Imagining Prostitution in Modern Japan, 1850–1913 - PDF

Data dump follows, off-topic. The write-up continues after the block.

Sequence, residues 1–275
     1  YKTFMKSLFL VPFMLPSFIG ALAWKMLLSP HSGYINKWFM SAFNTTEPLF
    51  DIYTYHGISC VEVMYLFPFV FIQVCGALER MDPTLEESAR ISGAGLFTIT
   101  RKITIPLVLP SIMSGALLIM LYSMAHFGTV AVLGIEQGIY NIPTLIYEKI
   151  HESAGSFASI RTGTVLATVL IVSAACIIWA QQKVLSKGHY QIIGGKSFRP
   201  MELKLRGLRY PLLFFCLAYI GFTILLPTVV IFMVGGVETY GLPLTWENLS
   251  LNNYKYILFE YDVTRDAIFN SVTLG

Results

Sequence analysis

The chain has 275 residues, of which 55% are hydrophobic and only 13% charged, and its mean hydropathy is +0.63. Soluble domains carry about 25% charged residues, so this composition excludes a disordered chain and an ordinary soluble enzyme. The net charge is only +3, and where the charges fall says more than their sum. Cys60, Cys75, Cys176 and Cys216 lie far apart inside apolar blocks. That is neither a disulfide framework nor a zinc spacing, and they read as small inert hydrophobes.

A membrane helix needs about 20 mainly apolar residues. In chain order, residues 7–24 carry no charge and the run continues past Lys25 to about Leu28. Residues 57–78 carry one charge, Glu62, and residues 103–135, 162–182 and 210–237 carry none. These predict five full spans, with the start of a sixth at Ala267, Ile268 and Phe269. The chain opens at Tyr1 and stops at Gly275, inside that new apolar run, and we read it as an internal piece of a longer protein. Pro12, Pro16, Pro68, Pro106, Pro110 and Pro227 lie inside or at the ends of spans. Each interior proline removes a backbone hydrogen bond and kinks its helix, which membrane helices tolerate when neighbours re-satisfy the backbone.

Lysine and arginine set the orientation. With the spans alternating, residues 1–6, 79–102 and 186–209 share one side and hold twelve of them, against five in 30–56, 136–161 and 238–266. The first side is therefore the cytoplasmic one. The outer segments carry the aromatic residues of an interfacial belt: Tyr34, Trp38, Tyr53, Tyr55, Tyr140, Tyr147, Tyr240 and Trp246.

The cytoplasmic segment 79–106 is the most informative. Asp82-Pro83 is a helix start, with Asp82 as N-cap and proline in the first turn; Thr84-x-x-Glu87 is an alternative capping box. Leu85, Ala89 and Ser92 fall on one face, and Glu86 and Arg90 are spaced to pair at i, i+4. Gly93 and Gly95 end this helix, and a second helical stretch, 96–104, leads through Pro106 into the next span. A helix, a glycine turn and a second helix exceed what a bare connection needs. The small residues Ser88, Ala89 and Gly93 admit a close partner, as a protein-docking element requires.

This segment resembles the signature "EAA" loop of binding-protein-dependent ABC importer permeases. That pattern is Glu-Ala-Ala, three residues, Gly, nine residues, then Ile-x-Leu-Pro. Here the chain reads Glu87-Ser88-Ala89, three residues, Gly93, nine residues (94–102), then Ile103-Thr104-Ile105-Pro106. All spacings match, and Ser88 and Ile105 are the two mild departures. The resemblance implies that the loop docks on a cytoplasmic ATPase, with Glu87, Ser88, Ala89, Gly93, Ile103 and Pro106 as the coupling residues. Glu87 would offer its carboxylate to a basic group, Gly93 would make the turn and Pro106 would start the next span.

خلاصه: 1 O ne Introduction On a mid-winter morning, some months after the death of the Meiji Em- peror on July 30, 1912, daily newspapers across Japan informed the na- tion that an “unprecedented manuscript,” written by a prostitute under the pseudonym Wada Yoshiko, was arriving at bookstores everywhere. It was called Yūjo monogatari (A Prostitute’s Tale) and was published by Bunmeidō Press.1 The news of Wada’s accomplishment was so wide- spread that for the rest of the week, it attracted an unusual procession of visitors to her pleasure quarters in Naitō-Shinjuku, a famous commuter town located on the outskirts of Tokyo. Journalists lined up to interview her, current patrons came to congratulate her, and new potential clients showed up to set eyes on her.2 In her sequel, Yūjo monogatari, zoku-hen (A Prostitute’s Tale, Part II), published less than a year after the first book, Wada describes this mo- ment as a set of mixed blessings (see figure 1.1). At first, she encountered unrelenting scorn and criticism from her immediate circle of managers, colleagues, and patrons. After the book was released, the madam of the brothel harshly condemned her for divulging private information about their clients. Her book revealed unsavory details about the conditions of the syphilis hospital where the prostitutes went for regular mandatory health exams and were confined if found diseased. Given her negative exposé, the director of the hospital came to the brothel to denounce Wada for staining his good reputation. Although Wada was careful not to reveal any names, she had disclosed job titles, and therefore, the madam rea- soned, anyone could identify the director or other brothel affiliates men- tioned in her book. In response, the madam demanded that Wada issue an immediate apology and retract some of the sections of her publication. Prostitutes in the brothel shunned Wada, too, for sharing details about their district clients and destroying their mutual trust.